If you’ve been looking for alternatives to Ethereum, Solana should be on your shortlist.
Solana is a Swiss project launched in April 2020 by Anatoly Yakovenko. Solana competes with larger networks by incorporating a hybrid consensus model that boasts cheap and speedy transactions. In its hybrid model, Solana uses a combination of proof-of-work and proof-of-history to increase efficiency.
Initially founded in 2017, Solana was intended to achieve scalability and lower fees, exposing specific weaknesses of comparable blockchains like Ethereum. At its core, Solana is especially focused on maximizing throughput (high transactions per second).
Solana has seen considerable growth, jumping to the top 7 in market cap ($44+bn) in just its second year on the market. In September, Bloomberg hailed Solana as a ‘long-term rival’ of Etherum.
Layer 2 Ethereum is the first iteration of Ethereum 2, intended to reduce gas fees and slow network speeds during volume spikes. Let’s compare L2 Ethereum to Solana’s emerging ecosystem.
Solana’s dApp universe is interoperable, meaning all SOL dApps can communicate with each other on the same layer. As an example, Project Serum is one of Solana’s most successful partners to date. A SOL-based blockchain game, Star Atlas, was able to build the peer-to-peer economy aspect of its game using Project Serum, while the Solana protocol powers the game itself.
L2 Ethereum can not boast the same level of composability. Composability is a powerful utility that rivals Layer 2 ETH, which launched earlier in 2021.
In blockchain, composability refers to the ability for applications and protocols to interact with one another in a permissionless way— meaning they are constantly talking to one another and leveraging each other’s code, and therefore each other’s utility. (CoinMonks).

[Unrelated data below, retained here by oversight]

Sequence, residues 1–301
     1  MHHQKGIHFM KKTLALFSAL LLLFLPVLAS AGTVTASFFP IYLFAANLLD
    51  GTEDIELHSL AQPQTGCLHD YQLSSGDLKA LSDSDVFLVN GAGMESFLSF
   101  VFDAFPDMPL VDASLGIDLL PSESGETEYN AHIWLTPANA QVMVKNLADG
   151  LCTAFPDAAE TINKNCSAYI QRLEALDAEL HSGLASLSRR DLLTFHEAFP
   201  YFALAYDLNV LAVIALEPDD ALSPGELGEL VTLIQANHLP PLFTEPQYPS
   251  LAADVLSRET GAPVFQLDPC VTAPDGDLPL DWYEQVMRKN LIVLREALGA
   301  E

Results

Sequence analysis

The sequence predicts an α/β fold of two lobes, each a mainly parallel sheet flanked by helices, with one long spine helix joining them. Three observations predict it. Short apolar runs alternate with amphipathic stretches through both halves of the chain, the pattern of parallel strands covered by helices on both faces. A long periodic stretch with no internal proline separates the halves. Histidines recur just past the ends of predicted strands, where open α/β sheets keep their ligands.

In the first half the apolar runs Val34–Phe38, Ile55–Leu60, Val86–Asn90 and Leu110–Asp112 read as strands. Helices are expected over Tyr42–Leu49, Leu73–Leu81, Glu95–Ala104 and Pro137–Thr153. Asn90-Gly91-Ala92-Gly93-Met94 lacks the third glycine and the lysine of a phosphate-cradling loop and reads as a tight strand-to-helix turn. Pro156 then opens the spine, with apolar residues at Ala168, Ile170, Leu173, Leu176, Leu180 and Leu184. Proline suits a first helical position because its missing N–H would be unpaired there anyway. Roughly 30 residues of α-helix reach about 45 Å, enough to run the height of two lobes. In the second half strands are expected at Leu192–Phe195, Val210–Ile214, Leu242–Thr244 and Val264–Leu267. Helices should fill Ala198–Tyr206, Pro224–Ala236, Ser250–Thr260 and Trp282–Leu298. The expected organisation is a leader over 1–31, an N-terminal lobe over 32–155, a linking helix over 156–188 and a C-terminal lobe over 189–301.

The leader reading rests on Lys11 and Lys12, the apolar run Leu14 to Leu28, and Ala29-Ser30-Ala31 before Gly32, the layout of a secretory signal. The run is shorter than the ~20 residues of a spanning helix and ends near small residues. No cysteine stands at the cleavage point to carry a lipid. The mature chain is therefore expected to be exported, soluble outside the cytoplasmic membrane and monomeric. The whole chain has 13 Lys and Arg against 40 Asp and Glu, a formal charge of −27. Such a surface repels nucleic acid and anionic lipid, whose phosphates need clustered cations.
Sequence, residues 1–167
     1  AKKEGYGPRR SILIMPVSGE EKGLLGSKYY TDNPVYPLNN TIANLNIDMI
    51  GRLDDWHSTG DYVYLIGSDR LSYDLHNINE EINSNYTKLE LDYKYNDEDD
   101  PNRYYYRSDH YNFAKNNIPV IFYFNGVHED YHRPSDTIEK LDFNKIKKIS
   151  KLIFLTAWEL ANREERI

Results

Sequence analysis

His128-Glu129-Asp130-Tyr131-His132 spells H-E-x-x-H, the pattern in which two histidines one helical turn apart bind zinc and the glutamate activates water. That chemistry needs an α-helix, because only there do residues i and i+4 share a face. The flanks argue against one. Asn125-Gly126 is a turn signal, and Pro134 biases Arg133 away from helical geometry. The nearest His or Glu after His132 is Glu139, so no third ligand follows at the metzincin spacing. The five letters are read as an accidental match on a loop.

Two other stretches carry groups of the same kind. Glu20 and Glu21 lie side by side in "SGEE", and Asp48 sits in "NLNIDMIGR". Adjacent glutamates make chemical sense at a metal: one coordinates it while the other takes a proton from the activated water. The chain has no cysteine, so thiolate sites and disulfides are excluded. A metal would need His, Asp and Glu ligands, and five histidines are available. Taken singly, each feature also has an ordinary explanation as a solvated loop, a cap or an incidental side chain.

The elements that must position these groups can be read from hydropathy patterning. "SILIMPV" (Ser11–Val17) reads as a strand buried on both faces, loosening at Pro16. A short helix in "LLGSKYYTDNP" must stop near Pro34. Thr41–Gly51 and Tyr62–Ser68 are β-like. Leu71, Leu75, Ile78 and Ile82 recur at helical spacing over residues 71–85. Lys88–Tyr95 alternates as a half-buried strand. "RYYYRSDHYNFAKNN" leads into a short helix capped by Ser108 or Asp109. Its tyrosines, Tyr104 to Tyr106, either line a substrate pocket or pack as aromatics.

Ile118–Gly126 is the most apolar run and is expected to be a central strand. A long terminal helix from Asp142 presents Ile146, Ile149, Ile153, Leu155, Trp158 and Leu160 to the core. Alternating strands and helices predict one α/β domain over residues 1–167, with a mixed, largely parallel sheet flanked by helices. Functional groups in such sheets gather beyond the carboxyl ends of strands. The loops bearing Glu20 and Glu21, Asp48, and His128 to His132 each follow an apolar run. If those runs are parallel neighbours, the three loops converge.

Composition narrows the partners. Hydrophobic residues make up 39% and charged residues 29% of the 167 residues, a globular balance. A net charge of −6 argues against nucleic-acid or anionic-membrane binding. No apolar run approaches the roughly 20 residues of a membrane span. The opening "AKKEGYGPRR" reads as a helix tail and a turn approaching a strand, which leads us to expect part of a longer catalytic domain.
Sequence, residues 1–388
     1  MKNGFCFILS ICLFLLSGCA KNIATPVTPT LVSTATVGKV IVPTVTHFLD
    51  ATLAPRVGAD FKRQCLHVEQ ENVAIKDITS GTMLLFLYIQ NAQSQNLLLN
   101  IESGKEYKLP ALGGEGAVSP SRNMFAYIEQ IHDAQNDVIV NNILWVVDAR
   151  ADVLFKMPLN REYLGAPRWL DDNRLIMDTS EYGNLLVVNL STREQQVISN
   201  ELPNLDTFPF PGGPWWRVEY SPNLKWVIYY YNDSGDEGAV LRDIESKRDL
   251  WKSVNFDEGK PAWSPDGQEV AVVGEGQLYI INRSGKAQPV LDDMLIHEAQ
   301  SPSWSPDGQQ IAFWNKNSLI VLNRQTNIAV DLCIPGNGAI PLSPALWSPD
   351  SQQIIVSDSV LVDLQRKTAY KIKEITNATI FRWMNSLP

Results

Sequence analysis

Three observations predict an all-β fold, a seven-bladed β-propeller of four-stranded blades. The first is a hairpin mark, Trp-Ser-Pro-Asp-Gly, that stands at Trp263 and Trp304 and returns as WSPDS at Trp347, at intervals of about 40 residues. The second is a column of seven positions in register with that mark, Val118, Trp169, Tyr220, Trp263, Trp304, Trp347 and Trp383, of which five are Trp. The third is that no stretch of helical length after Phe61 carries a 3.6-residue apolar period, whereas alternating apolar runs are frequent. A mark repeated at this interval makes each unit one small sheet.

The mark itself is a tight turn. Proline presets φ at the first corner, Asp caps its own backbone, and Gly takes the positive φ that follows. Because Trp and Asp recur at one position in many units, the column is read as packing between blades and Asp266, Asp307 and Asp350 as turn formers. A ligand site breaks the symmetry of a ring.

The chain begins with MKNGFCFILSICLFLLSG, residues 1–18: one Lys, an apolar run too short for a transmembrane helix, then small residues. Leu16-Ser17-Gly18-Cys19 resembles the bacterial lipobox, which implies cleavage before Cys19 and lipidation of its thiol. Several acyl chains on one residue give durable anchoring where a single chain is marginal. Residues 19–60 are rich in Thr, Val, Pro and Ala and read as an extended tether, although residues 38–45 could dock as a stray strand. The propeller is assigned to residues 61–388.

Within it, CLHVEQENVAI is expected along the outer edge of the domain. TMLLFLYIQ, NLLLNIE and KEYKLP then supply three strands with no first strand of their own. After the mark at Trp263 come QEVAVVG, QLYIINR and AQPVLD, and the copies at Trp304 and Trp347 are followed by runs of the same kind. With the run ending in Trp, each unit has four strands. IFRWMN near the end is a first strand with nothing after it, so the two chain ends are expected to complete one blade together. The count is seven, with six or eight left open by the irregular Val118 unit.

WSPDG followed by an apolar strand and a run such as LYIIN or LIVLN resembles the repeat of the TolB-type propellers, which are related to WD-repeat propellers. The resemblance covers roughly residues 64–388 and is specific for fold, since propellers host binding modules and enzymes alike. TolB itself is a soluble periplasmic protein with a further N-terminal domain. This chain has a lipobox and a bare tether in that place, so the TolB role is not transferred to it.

dApps built on the same chain can bridge, but Ethereum has many different chains.
In other words, L2 ETH dapps can’t communicate as easily. Bridges will certainly build over time, but cross-communication is one of the core tenants of defi. Without the ability to interact with other apps, projects become less valuable.
Traditional Web2 companies like Twitter and Facebook thrive on a lack of composability. Centralized tech platforms monopolize user experience. The control of user data allows these companies to extract unequal advertising market share.
Crypto is the opposite. Blockchains are trustless, meaning one executive team can’t just arbitrarily change the rules at any given moment.
In Web2, you can use an API call to hook up Mailchimp to your web application. It works great, then Mailchimp’s Board decides to change its rules on a dime. Now that API communicates with Mailchimp in a way that hurts your app.
In Web3, ETH-based dApps are not victims to Vitalik Buterin’s shower thoughts. Hope that one hit.
Tl;dr: composability is a key component of blockchain technology, and Solana is beating L2 Ethereum at blockchain bridging… for now.
As more successful projects launch on and support Solana’s protocol, opportunities will emerge. Solana already saw a major boost with the backing of FTX’s Sam Bankman-Fried.
More quality projects = more powerful bridging.
Blockchain games can seamlessly cross chains to interact with their universe, defi tools can merge with other defi tools, creators can drop NFTs on personal marketplaces with a set of standards.